Review: 'Through the Shadowlands’ describes Julie Rehmeyer's ME/CFS Odyssey
I should note at the outset that this review is based on an audio version of the galleys and the epilogue from the finished work. Julie Rehmeyer sent me the final version as a PDF, but for some reason my text to voice software (Kurzweil) had issues with it. I understand that it is...
Discuss the article on the Forums.

CRPS with dysautonomia patient treated with plasma exchange and rituximab

Discussion in 'Rituximab: News and Research' started by voner, May 27, 2015.

  1. voner

    voner Senior Member

    Messages:
    531
    Likes:
    790
    http://www.ncbi.nlm.nih.gov/pubmed/26011726

    I did not know These auto antibody tests existed.


    The plasma exchange success prompted them to start rituximab.

    if someone would like a copy of this paper, they can request it from me over in the "Request a paper" thread.

    comments?
     
    Sidereal, RL_sparky, Hutan and 7 others like this.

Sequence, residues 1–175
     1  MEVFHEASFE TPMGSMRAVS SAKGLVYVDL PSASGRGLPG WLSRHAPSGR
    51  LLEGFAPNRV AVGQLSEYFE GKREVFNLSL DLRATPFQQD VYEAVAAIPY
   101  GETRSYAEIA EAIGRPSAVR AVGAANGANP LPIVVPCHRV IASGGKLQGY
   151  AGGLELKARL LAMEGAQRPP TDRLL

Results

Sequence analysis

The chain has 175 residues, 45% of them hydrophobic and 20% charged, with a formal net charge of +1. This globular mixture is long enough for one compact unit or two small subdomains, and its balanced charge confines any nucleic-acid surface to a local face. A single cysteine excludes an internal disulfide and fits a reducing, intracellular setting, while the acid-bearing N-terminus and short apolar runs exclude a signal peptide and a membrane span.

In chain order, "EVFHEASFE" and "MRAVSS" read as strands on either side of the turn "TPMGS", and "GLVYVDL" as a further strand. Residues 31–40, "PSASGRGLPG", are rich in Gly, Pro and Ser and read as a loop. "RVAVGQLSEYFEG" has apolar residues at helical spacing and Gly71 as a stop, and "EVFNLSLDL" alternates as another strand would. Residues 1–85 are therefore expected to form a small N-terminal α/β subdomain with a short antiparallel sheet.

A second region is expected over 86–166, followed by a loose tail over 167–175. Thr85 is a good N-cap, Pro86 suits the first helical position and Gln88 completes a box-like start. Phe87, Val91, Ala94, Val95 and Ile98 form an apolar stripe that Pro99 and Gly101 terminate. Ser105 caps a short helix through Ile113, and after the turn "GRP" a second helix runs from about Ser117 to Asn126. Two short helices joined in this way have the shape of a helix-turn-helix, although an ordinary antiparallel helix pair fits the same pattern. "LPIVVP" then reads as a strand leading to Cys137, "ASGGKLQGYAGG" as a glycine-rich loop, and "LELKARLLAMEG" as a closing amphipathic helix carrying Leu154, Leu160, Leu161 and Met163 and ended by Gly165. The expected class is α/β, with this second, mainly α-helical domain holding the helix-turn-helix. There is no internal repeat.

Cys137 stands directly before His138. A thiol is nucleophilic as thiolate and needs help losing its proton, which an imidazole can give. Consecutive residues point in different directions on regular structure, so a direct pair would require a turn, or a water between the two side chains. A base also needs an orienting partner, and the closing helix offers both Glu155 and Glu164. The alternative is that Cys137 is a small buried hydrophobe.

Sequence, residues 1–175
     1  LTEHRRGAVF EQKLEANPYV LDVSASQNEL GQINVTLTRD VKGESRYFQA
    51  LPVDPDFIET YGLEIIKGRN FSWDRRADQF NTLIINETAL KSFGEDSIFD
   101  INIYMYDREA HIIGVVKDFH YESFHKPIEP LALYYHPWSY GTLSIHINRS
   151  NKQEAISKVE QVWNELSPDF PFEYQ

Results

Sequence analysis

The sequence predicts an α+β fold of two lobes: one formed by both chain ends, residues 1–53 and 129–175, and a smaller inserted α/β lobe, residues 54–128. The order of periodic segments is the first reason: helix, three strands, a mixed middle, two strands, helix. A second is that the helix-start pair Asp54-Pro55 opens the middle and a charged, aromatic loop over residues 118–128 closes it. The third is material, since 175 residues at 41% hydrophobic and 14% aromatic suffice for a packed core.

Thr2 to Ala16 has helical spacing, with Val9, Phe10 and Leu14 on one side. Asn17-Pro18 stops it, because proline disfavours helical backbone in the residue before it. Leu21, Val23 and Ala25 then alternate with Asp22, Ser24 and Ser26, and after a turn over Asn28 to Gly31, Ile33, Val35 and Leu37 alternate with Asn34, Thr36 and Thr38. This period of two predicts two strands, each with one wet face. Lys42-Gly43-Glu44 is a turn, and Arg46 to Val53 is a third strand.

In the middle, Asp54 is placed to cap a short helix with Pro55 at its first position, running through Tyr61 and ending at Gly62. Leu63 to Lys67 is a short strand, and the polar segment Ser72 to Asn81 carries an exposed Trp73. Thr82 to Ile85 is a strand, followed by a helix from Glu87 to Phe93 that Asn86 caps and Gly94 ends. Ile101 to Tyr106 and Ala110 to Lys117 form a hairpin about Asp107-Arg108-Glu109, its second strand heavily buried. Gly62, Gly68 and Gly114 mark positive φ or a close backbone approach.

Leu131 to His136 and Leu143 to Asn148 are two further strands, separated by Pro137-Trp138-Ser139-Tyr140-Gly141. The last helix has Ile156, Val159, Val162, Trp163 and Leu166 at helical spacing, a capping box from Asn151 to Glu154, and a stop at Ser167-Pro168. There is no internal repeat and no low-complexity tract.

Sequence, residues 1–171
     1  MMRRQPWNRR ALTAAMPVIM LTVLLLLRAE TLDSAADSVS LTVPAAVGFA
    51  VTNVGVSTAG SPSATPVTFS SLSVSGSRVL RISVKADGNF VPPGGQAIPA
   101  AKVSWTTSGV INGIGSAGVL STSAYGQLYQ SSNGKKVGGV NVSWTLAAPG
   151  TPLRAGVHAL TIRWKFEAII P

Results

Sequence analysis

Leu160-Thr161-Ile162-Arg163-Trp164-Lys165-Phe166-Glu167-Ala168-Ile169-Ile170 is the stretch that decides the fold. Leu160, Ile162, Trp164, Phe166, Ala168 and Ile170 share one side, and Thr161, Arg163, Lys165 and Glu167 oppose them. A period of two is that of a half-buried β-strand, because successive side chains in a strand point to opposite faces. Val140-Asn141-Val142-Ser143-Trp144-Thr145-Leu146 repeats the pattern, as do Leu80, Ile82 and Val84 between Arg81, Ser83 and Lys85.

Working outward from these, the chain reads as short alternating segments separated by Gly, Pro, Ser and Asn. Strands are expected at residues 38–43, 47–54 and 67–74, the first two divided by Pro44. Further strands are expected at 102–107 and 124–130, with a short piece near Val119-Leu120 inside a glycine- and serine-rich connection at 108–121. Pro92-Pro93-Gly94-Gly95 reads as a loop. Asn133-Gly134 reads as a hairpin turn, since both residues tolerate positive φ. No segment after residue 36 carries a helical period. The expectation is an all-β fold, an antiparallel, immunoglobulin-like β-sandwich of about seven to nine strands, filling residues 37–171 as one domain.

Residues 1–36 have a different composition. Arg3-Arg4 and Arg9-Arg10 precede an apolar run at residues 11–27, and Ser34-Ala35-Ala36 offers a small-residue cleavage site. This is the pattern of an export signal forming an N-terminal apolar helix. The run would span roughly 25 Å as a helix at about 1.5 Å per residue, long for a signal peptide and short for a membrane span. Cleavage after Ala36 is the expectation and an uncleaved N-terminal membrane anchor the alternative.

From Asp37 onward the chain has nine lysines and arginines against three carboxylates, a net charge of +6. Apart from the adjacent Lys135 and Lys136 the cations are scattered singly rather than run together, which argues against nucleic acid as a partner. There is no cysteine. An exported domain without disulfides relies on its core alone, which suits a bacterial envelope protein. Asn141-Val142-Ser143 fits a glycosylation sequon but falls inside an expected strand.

2. Jonathan Edwards

    Jonathan Edwards Senior Member

    Messages:
    5,019
    Likes:
    29,099
    This is an interesting case.

    This is what I call algodystrophy, because CRPS seems to me to add unnecessary assumptions to a well defined clinical and pathological entity. A useful feature of algodystrophy is that it is objectively measurable - by isotope bone scan or thermography. Moreover, it is completely impossible to conceive of any way in which conscious beliefs about anything, or even unconscious beliefs about anything should induce the regional colour changes, osteopenia and hair and nail growth changes that occur. To treat something like this with CBT is pretty much equivalent to faith healing for cancer I think.

    The next point is that the algodystrophic response looks superficially a bit like inflammation but it is unrelated. The limb is cold, perfusion is reduced. Osteopenia is gross and localised to clear embryological domains (not nerve trunk domains) such as carpus or foot or patella. What is intriguing is that there is no known situation in which this response is thought to be useful - unlike inflammation. In that sense it might be a bit like epilepsy - a purely useless byproduct of the way regulatory systems are set up. And the fact that it clearly involves lot of signalling, but without inflammatory markers going up, makes it seem as if it might be a clue to some of the pathways in ME.